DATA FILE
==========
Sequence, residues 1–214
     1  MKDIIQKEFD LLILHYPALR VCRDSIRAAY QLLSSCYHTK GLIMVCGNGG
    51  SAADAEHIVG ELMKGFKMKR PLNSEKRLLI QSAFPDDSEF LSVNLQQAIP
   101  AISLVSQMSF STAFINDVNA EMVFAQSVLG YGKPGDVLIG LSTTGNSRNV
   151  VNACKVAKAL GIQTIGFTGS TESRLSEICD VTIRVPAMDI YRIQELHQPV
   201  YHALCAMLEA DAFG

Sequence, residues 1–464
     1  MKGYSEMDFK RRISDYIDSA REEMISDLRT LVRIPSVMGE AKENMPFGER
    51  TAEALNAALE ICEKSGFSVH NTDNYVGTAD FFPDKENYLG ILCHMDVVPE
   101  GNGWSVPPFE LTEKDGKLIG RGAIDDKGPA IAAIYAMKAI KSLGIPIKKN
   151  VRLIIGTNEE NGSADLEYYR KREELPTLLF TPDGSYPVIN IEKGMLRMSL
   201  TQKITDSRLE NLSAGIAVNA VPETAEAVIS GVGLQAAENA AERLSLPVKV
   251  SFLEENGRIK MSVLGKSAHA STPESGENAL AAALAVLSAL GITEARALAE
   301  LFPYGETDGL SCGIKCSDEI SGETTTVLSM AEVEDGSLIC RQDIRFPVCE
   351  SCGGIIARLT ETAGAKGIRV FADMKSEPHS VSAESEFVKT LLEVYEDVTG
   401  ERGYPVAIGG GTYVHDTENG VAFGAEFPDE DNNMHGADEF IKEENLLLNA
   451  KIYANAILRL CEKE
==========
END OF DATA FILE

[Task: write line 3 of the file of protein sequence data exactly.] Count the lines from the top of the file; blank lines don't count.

    51  SAADAEHIVG ELMKGFKMKR PLNSEKRLLI QSAFPDDSEF LSVNLQQAIP